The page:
The week in review
Most disturbing statistics: One in five Charlottesville families can't pay their bils and one in three can't afford day care and transportation costs to keep a job, according to a study based on U.S. Census numbers conducted by a group called the Greater Charlottesville Area Development Corporation. A single parent in Charlottesville with two children needs $35,000 to eke out an existence in a city where the median income is $59,284.
Latest City Council candidate reshuffling: Independent Paul Long drops out of the race and endoses fellow indies Brandon Collins and Andrew Williams.
Latest LIthuanian DUI conviction: Vitalijia Vasciunaite is convicted of driving under the influence in the July 2010 crash in which she plowed into VDOT worker Jose Porfirio Martinez, according to the Progress. Vasciunaite is fined $250 and loses her license for a year, but did not receive additional jail time. She's currently serving 10 months for the maiming of a person while driving while intoxicated and felony hit-and-run.
Longest sentence for corpse hiding: Waynesboro woman Susan Dudley, 26, gets 90 days September 20 for helping her husband dump a body in the James River in Bedford County, according to the News Virginian. Christopher Michael Dudley, 29, was sentenced in May to 37 years for the first-degree slaying of Churchville man Sean Placko, 42.
Most computer trespassing charges: UVA student Farah Shah is arrested September 21 and charged with four counts after another UVA student reported that her Facebook and email accounts had been accessed and a message sent to a third party, according to a release. Shah is released on a $2,000 unsecured bond and is scheduled to appear in Albemarle General District Court September 30
Oldest alleged molester: Bobby Lee Cash, 75, of Staunton is arrested for the aggravated sexual battery of a 12-year-old acquaintance in April, NBC29 reports.
Biggest blow to shooting defense: Convicted murderer John Wesley Morris, 53, is denied a private investigator September 20 for his most recent charges for allegedly shooting his girlfriend in the neck and leaving her partially paralyzed. According to WCAV, Morris was on parole for the 1985 murders of Ricky Clements and Monte Wanless.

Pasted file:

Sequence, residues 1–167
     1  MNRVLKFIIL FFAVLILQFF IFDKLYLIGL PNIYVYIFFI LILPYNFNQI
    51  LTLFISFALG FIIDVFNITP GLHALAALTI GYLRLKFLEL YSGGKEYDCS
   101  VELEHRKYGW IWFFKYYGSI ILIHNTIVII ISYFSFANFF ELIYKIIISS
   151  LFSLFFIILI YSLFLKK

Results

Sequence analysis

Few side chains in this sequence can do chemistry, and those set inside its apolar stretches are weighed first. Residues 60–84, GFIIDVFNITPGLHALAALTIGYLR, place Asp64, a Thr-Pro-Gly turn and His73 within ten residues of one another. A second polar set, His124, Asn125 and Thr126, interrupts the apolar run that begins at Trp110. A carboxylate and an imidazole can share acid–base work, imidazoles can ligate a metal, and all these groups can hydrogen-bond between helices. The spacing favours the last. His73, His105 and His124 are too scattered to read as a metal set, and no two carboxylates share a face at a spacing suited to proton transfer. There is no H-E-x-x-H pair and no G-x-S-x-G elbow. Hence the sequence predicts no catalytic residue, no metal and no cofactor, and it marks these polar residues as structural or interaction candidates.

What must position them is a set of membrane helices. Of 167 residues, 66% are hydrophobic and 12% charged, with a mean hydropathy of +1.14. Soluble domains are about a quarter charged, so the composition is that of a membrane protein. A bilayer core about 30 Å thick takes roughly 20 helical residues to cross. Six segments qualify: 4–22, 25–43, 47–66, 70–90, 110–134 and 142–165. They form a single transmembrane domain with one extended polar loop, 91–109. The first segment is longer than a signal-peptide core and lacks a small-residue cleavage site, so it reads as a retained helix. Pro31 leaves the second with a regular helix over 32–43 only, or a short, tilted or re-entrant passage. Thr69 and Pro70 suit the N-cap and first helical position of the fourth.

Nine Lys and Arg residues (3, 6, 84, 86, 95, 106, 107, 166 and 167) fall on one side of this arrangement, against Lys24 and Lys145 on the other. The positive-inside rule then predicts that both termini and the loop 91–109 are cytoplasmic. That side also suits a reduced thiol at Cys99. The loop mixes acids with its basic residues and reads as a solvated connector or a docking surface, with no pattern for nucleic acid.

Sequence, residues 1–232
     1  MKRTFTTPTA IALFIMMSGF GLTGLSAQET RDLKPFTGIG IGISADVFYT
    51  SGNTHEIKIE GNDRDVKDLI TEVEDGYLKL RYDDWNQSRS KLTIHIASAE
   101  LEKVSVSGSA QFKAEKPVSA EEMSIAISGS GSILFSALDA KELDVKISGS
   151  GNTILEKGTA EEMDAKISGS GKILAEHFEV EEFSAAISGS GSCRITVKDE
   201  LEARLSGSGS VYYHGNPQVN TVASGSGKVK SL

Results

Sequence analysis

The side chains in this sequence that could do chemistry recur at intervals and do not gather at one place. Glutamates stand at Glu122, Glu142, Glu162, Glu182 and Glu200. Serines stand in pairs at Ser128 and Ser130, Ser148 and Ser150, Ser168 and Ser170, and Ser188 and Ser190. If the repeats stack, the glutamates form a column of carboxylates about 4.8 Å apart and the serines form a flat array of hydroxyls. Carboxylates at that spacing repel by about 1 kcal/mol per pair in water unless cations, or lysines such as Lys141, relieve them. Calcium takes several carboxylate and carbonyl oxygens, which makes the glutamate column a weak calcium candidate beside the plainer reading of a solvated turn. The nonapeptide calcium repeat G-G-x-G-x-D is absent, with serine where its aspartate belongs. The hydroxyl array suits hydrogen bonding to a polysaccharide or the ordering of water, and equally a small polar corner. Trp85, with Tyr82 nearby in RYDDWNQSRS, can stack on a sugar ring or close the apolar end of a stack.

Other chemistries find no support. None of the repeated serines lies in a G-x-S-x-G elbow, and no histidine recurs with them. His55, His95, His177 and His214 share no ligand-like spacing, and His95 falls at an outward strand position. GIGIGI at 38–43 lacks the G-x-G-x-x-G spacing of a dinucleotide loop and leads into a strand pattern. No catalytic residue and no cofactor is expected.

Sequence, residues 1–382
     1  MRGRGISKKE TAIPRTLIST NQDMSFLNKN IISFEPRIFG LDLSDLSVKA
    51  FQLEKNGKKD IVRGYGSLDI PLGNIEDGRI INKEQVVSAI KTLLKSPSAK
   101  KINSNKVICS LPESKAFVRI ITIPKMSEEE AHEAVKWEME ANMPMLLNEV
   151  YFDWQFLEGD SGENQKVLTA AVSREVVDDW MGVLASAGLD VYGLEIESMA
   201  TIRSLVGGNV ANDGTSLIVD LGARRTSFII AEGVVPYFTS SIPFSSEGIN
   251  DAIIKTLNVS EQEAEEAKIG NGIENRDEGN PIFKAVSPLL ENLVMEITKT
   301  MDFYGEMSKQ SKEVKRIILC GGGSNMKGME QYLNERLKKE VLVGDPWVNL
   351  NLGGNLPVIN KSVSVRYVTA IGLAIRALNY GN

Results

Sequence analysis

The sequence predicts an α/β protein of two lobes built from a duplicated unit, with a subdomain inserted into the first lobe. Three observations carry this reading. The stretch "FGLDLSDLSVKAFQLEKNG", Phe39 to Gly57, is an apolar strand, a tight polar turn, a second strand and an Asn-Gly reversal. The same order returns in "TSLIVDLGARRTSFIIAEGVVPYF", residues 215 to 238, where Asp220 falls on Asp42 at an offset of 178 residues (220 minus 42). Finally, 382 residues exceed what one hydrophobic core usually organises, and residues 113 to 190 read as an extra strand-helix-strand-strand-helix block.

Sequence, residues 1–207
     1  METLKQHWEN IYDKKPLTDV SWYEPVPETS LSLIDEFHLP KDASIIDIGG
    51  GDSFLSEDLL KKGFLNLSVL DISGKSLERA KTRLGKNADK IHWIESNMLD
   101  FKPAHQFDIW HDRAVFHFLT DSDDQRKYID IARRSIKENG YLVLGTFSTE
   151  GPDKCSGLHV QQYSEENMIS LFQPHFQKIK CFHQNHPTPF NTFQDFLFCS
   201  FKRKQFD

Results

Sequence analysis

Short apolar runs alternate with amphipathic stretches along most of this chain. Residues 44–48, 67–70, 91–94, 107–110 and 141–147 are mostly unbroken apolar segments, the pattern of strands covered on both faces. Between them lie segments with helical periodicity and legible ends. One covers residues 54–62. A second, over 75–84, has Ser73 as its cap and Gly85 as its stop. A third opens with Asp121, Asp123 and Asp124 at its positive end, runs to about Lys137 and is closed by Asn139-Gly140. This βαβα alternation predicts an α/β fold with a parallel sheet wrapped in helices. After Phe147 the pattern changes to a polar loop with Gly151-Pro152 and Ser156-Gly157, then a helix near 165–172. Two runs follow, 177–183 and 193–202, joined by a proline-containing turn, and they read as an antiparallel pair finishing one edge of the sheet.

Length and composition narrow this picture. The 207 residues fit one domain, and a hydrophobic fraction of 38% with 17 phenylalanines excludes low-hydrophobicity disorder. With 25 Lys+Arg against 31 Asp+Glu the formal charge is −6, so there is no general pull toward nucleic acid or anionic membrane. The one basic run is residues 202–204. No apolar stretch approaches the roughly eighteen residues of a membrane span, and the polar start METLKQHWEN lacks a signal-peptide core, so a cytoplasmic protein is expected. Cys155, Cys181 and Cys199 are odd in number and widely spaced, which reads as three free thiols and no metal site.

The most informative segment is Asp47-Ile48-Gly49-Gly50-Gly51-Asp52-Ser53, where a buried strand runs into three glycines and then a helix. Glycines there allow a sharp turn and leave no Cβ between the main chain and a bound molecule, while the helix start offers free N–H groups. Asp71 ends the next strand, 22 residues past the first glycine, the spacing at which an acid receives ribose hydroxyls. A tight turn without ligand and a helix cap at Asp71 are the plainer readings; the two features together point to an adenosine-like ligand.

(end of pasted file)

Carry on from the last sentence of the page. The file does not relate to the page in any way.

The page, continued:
Biggest lawsuit: Fluvanna County Board of Supervisors sues Richmond financial adviser Davenport & Company LLC, claiming the supes were duped into issuing nearly $70 million in bonds to build a new high school so Davenport could collect fees, leaving the county stuck with an additional $18 million in interest charges, Sharon Fitzgerald reports in the Progress. Davenport says it stands behind its financial advice.
Beefier Albemarle schools flack, er, public relations, title: Phil Giaramita is named public affairs and strategic communications officer, succeeding more modestly titled communications coordinator Maury Brown, who is teaching at Germanna College, according to a release. Giaramita's resume includes the Virginia Department of Health, the Darden school, and International Paper.
Sketchiest physician: Charles K. Weisman, 48, opens a clinic in Staunton two years after his license to practice medicine is suspended, which he is allowed to do as long as he doesn't see patients, the News Leader reports. Weisman fell afoul of the Board of Medicine in 2009 for not revealing he hadn't completed a residency program because of "inadequate competence." Other alleged misdeeds in his license suspension include keeping pot and booze in his former practice's office, having sex with patients, and asking an employee for clean urine to pass a state drug test. On September 16, Weisman was jailed on charges of assault and battery of his business partner/girlfriend.
Creepiest video: Footage from the September 24 armed robbery of the West Park Market on Four Seasons Drive shows a masked man in dark clothing carrying a large gun walking through the store to a Steely Dan soundtrack.
Most dubious top 25 achievement: Environment Virginia ranks Charlottesville as the 21st smoggiest small metropolitan area in the country, the same week an organization called Sperling puts the town as number one place to live.